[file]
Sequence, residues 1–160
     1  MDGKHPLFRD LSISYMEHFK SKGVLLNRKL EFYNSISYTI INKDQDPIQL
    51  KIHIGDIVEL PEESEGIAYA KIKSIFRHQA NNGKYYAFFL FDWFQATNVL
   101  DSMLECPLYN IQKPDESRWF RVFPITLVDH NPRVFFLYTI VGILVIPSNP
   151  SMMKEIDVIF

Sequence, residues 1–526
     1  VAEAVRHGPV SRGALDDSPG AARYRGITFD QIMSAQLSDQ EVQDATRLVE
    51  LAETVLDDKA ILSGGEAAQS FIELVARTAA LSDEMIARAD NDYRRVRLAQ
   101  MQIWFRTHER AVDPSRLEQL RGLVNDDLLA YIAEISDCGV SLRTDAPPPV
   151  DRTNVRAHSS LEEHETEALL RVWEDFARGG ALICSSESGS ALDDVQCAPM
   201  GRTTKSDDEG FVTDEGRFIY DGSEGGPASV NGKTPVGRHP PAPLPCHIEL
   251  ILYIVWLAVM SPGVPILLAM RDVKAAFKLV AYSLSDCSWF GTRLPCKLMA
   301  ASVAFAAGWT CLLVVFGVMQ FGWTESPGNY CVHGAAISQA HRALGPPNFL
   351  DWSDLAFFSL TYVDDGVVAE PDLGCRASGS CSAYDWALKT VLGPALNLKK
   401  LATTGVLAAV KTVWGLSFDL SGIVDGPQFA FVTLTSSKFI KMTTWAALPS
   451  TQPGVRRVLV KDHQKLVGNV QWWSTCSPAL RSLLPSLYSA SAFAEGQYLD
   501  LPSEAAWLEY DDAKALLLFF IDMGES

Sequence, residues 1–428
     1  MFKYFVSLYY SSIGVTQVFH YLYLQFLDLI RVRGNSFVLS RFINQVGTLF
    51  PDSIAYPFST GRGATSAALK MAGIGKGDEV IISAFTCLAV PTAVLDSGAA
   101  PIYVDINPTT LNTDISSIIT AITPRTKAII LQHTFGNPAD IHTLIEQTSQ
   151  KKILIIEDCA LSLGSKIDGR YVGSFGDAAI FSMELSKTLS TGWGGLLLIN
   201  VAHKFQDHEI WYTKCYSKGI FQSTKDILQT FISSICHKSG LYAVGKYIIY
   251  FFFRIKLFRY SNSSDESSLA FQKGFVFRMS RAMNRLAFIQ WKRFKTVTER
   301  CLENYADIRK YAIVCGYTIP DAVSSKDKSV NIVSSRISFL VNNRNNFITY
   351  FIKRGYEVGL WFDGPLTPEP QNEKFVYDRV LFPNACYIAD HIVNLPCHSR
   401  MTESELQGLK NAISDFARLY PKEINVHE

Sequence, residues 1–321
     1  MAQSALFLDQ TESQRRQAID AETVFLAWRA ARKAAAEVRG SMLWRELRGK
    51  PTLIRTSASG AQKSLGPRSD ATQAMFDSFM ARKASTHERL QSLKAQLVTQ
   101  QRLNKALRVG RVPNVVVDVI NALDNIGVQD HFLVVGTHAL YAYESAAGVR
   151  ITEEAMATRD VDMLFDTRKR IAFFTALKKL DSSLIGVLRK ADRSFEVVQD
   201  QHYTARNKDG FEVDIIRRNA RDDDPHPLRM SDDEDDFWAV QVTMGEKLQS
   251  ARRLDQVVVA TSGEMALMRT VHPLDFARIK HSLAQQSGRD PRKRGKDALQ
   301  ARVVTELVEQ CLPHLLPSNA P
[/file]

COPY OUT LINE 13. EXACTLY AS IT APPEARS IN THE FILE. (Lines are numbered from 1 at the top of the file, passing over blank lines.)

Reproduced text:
   301  ASVAFAAGWT CLLVVFGVMQ FGWTESPGNY CVHGAAISQA HRALGPPNFL